Disability Income (DI) insurance is a very specific type of policy with the intended purpose of insuring one’s ability to work. Much like the Aesopian goose, most Singaporeans produce their own “golden eggs” in form of the monthly salaries they receive for working. DI steps in to replace the lost monthly income when a person is unable to work due to accident or illness.
Income replacement is possibly one of the top most priority for working class Singaporeans after a hospitalisation plan, and many insurance policies are sold on this premise. However, as cliché as the proverbial goose analogy is in the world of insurance sales, many agents are not recommending DI policies, pitching life coverage in form of Critical Illness (CI) and Total & Permanent Disability (TPD) as income replacement solutions instead. Let’s take a look at what DI does and why so many Singaporeans are under-insured in this regard.
Difference between DI and TPD
|Level of Severity||Type of Disability||Typical Definitions|
|1||Own occupation||“Unable to perform material duties of own occupation”|
|2||Own or similar occupation||“Unable to perform any occupation suited by his training, occupation and experience”|
|3||Any occupation||“Total and permanently disabled and unable to engage in any occupation whatsoever”|
TPD coverage only provides cover for the most severe form of disability, which is where one cannot earn any income at all and such a condition must be diagnosed as permanent, or if the person loses the use of any two of his eyes and limbs. This condition must also be deemed permanent and irrecoverable.
There is a big gap in TDP coverage for disability if one solely relies on TPD coverage. DI insurance includes the first two levels of severity of disability. The difference between one’s “own/similar occupation” and “any occupation” is very huge. Also, the disability must be permanent to satisfy TPD – something that is not required for DI. Illnesses or injuries can render a person incapable of working for some time, and yet not be permanent to qualify for a TPD payout.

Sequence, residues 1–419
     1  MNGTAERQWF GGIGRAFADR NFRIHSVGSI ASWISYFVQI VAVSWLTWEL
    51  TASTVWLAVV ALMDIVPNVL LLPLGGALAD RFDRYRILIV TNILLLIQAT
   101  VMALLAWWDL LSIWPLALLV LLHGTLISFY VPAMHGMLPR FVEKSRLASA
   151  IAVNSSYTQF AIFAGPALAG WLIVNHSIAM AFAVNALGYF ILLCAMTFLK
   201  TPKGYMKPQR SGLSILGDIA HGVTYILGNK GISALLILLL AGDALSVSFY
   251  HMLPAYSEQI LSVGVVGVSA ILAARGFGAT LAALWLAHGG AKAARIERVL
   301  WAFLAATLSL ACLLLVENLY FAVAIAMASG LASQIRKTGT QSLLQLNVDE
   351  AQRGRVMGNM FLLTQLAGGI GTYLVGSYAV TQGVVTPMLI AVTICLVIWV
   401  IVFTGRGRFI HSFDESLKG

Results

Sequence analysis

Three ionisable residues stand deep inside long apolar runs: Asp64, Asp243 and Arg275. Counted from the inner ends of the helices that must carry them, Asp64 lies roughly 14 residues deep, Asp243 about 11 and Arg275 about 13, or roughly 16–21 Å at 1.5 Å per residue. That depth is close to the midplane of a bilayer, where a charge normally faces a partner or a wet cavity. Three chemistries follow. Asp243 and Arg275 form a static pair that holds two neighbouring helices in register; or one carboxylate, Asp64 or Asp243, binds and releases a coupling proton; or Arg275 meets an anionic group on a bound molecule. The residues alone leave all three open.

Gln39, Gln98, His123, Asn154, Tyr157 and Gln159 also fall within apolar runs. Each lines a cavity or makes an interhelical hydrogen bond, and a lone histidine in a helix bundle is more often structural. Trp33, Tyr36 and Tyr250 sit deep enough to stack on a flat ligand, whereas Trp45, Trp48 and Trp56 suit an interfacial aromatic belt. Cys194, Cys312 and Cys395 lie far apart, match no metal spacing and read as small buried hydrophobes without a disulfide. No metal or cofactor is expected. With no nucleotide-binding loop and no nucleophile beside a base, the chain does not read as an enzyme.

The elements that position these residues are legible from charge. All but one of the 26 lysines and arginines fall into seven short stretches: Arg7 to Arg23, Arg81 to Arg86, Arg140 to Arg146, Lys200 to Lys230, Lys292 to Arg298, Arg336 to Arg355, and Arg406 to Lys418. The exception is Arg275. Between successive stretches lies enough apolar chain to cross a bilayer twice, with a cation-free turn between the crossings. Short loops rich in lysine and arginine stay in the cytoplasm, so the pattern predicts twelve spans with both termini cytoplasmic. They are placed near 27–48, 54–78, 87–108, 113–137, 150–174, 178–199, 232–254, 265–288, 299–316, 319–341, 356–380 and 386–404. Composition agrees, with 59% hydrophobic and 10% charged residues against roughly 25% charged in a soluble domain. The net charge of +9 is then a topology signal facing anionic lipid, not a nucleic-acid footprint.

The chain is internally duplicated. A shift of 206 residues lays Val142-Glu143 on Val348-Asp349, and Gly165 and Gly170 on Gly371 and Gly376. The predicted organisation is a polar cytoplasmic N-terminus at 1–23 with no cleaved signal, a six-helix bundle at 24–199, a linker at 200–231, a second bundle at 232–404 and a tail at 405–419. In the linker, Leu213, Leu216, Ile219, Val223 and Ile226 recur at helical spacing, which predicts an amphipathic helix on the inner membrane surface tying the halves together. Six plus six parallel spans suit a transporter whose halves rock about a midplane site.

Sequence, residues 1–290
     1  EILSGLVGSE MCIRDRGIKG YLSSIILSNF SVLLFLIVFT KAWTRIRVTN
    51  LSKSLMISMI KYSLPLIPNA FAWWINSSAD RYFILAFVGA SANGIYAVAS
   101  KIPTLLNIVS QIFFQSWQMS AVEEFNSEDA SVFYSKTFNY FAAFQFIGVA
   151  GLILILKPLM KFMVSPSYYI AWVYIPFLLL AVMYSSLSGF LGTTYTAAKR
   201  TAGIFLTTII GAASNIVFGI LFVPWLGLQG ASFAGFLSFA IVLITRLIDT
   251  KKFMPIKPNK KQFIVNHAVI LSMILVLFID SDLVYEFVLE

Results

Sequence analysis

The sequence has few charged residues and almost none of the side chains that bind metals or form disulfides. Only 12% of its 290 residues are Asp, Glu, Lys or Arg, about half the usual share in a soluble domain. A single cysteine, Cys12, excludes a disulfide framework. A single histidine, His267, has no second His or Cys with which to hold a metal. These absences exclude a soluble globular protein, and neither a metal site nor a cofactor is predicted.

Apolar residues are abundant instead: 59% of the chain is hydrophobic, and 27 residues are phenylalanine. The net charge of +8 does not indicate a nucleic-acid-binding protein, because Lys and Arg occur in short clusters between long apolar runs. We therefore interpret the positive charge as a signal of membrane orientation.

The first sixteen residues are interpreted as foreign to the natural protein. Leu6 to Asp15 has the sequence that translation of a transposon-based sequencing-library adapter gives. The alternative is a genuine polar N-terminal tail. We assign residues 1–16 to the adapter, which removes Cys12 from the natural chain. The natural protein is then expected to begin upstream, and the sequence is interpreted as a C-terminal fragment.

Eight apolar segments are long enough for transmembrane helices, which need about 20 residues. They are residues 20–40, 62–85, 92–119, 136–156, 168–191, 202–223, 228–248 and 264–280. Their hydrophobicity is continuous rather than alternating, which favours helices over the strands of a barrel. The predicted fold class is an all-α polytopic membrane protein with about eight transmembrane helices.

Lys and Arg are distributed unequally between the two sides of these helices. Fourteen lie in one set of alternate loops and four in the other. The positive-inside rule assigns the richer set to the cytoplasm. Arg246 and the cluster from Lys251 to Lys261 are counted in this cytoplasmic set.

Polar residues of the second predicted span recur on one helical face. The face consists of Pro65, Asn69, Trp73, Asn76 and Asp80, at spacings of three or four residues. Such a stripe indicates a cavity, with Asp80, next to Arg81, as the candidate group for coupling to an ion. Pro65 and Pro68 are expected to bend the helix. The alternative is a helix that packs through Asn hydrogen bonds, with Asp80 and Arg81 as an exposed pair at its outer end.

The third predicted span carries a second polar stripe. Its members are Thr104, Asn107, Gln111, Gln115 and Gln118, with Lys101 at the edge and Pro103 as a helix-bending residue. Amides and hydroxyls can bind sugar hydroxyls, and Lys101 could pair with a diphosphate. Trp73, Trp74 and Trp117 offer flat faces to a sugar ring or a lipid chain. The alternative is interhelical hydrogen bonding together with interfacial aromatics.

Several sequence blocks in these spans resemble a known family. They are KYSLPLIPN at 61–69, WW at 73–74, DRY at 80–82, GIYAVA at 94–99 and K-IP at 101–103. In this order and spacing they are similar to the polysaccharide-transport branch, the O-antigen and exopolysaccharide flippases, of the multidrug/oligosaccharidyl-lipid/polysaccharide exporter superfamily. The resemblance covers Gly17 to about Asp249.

Further Differences between DI and CI/TPD
|Disability Income Insurance||CI/TPD Coverage|
|Benefit Type||Monthly Benefit||Lump Sum Payout|
|Claim Requirement||Unable to perform material duties of own occupation for first 24 months; any occupation suited to his training, education or experience after 24 months||Meet definition(s) of: at least 1 of 30 listed Critical Illnesses, or Total Permanent Disability|
|Intended Purpose||Income replacement due to inability to work arising from accident or illness||Income replacement due to TPD/CI.Higher standard of living due to impairment arising from CI or TPD.|
While the two coverage seem to overlap on the area of income replacement, there are scenarios whereby a claim can be admitted under DI but not under CI, and vice versa. Someone who has a Heart Valve Surgery and meets the CI definition can claim under his CI policy, and has the option to stop work to recuperate. Depending on the circumstances, it may be likely that he is still deem to perform his material duties of his work and DI will not pay. On the other hand, conditions that are not Critical Illnesses may cause him to be unable to work, such as certain mental illnesses or injuries. For more specialized occupations like dentists, carpel tunnel syndrome may well cause them to be unable to perform their jobs. Lastly, there are also situations where both will pay out at once.